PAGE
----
Impending doom was a resounding success.

Ok, ok, I’m fine. It’s just that my noony noony moment turned into a “you’re going to procrastinate today” moment which did indeed last all day. Went to bed having achieved nothing all day except a gym visit, blog post and dinner preparations. I have so much to do they all seemed to get crowded in the doorway and not one thing got through. So of course I then hated myself a little bit. A lot. Normally when I procrastinate I do other useful but boring things like filing, but I didn’t even manage that on Monday. 

I wondered why I did this and I think it’s probably a teensy weensy bit of self sabotage. You know, the thing where you think you might fail and so you don’t give it 100%? Just in case you DO fail and then you can say “oh, I didn’t really try hard on that thing, so it was always going to be crap”. That thing. It’s the perfectionist in me, partly, but also the bit in me that worries I might not be good enough at the thing. I’ve got lots on, and all of the things require a high level of expertise, skill or whatever. I just get the yips. 

Anyway. So I procrastinate, feeling miserable. Then I get the lovely letters from my collaborators and referees and whatever and feel more miserable because I haven’t done the work I’d promised them. Sigh. You see the cycle here. It’s like I’m determined to feel shite. And then I have to do a gig. Now, I don’t have to do the gig. I could stand back and say nah, I’m done performing. But part of me is flattered that I’ve been asked, another part of me thinks I need to perform as it legitimises my musician persona for my students and the last part of me loves the premise of the gig. 

So naturally I don’t do much prep for the gig either. In my old performing days I rarely bothered to remember the words (bad bad me) and I didn’t give much emotional energy either. This gig demanded emotional energy AND memory work. As a teacher I demand and expect my students to memorise songs. I demand and expect and emotional singing energy. Yet I don’t apply the same demands to my own performances. 

So I spend most of Monday through Wednesday morning with minor anxiety about memorising the words. Note: I don’t bother to do the work for this. I just worry about it. Sleep poorly both nights, finally get up Wednesday morning to print out the words in a vain hope that by doing this I’ll somehow feel better about my lack of preparation. I feel better. Go to gig. Along with one of my colleagues we both have a minor panic about said new song which has about 3 words in it. Practice it badly. Then, in the middle of Wednesday afternoon, we finally get onto stage and voila, my anxiety completely melts away. Jeez. I forget I’m a professional sometimes. I’m GOOD at this stuff. Being on stage is an easy thing for me.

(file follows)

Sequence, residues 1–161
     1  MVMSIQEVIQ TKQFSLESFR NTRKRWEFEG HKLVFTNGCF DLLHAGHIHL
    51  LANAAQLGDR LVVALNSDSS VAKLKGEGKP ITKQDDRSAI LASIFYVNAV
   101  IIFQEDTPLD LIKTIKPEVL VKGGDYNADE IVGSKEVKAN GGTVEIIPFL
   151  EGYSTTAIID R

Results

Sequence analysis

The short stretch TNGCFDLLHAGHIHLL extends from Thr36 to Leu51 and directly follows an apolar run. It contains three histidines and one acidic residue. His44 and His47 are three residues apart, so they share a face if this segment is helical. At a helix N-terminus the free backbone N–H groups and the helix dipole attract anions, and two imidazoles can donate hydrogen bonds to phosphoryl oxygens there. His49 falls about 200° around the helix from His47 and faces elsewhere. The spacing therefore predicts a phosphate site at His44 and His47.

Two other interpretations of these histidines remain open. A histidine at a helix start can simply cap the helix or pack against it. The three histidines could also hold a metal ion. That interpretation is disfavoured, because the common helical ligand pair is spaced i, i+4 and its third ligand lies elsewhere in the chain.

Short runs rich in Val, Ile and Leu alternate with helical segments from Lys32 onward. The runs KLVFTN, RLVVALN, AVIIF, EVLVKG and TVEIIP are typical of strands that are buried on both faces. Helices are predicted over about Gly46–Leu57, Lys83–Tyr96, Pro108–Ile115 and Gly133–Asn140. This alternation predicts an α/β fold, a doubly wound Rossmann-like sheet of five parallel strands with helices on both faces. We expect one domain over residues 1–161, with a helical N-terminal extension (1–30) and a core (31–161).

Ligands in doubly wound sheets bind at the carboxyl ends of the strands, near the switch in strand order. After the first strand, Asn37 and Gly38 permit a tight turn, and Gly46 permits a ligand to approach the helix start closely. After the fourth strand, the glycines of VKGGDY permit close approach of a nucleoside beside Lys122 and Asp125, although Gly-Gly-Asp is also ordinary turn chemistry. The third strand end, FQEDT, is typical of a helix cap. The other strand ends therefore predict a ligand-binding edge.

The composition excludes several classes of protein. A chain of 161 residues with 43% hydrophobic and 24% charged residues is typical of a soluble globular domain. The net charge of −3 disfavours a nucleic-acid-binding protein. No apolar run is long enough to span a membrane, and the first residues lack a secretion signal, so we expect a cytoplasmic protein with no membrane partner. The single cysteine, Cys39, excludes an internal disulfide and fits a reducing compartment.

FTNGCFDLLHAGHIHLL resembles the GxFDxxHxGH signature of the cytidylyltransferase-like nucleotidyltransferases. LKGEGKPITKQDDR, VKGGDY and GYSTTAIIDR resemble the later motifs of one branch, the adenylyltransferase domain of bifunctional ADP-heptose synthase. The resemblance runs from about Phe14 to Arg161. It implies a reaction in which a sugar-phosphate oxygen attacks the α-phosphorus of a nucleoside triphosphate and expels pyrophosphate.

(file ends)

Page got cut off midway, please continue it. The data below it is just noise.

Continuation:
The gig went off without a hitch. The new song with the 3 words was incredible, my singing partner and I totally emotionally invested in the beautiful song “Say Something”. Our audience laughed, danced, and cried. Lots of crying. And I remembered why I do this stuff. 

And I realised why Monday was a crap wasteful day. Sometimes anxiety is nothing more than a feeling of malaise. Out of focus and vague, no concrete thoughts or anything, just a feeling of … waiting. Watchfulness. The amygdala hijack of fight or flight. My adrenaline was up due to the gig so I was in readiness mode, which stops me from being able to work or think in a deep and meaningful way. So now it’s over, the gig is done. Time to forgive myself and move on. I have a Post Doc to write. 

Noony noony noo…


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